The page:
The concept of the circular economy is becoming increasingly prevalent in discussions on product design, supply chains, sustainability, and geopolitical challenges. In addition to the environmental benefits, in terms of reduced consumption of natural resources and reduction in CO2 emissions, it has been argued that the adoption of a circular economy approach could also have a range of business and social advantages. It is also argued that adoption helps to create higher levels of security, self-sufficiency, and sustainability, allowing businesses to fulfil customer and service obligations while maintaining costs and competitiveness.
Africa is in a strong position to take advantage of these new economic opportunities. The African Circular Economy Alliance (ACEA) was established in 2017 with the specific aim of spurring Africa’s transition to a circular economy. However, while there has been progress at the national level (and an African Circular Economy Action Plan is in development), enforcement and implementation of different policies remain varied. It has also been argued that proposed changes to legislation could result in increased costs for manufacturers and potentially for consumers if it proves more expensive to repair an object rather than replace it.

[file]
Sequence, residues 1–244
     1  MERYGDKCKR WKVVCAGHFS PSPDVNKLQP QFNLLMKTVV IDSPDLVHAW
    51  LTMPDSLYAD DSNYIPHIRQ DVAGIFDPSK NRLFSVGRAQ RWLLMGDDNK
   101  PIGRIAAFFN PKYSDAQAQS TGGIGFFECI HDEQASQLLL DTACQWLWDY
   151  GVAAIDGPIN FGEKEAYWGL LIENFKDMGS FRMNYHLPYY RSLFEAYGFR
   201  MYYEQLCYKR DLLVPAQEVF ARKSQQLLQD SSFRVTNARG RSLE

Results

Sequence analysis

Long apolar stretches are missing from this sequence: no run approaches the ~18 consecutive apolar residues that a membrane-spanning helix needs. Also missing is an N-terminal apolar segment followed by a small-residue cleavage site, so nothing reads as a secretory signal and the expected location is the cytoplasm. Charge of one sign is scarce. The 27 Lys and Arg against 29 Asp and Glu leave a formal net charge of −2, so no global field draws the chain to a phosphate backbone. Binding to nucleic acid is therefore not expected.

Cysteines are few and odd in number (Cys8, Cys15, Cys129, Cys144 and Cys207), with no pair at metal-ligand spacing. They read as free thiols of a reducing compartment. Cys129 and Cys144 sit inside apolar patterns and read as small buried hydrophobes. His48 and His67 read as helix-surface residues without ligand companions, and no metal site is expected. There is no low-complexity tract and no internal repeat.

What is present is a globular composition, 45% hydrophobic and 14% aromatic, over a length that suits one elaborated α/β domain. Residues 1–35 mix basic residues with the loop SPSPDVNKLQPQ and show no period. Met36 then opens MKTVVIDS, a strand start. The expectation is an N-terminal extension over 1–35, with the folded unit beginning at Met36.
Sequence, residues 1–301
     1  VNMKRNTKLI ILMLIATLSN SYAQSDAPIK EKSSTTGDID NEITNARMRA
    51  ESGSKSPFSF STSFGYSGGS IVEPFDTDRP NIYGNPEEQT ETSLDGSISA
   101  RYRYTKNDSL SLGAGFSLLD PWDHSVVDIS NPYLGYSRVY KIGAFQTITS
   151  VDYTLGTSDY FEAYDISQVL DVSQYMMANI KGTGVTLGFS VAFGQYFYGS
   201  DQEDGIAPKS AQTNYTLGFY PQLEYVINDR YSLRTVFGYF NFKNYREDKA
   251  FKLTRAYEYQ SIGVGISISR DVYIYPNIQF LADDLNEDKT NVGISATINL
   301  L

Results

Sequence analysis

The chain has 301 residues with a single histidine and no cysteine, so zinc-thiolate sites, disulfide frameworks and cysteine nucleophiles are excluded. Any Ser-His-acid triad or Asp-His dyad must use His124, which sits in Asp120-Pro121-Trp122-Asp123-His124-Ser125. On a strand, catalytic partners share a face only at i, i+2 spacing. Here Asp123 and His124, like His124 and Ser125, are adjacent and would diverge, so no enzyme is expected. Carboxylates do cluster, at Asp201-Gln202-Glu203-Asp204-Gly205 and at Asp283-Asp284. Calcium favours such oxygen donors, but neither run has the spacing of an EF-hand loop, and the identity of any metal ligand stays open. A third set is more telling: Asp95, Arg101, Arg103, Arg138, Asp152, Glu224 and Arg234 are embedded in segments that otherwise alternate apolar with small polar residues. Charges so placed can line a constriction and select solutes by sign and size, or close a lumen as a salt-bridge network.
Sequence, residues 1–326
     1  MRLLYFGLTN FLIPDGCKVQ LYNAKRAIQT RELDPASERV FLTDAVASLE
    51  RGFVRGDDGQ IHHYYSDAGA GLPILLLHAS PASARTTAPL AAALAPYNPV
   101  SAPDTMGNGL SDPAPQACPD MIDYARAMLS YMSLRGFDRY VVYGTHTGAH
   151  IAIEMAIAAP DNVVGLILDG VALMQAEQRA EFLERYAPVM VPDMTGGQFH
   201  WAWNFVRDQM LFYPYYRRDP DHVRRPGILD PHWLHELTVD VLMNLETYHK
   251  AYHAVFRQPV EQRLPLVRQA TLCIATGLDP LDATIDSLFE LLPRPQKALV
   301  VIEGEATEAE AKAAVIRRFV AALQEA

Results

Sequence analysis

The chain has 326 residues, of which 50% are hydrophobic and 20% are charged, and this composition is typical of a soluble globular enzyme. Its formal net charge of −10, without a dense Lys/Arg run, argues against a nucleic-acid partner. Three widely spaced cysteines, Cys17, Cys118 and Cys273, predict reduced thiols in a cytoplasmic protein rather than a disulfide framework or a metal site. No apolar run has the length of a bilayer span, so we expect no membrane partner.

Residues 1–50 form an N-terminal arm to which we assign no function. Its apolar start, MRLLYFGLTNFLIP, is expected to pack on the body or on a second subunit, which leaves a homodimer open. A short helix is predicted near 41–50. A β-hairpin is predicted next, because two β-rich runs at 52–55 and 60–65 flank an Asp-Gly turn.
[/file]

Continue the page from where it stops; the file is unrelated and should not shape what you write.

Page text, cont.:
KPMG hosted this roundtable discussion to explore, from an African perspective, whether the design and practice of tax approaches could help to unlock the circular economy and reconcile the tension between economic growth, sustainability and the issue of uncertain global supply chains resulting from geopolitical challenges. If so, which levers are best placed to make realistic change? The conversation was held under the Chatham House Rule and was attended by 11 participants from a variety of backgrounds (see below for a list of attendees).
- This is a complex issue – with many overlapping and intersecting aspects – and it is essential to consider the social and political structures of each African nation which may make various measures more or less effective
- Regulation must be carefully balanced with effective enforcement and must be carefully applied to avoid inhibiting innovation. Rigid regulation could be problematic in a still evolving environment.
- There is an opportunity to leverage existing circular practices to facilitate a more rapid transition and circumvent issues present in other economies.
Regulation, Enforcement and Hypothecation
The balance between regulation and effective enforcement
Throughout the discussion, many participants expressed the need to carefully consider the level to which current regulation is being enforced and the potential barriers this presents to greater circularity.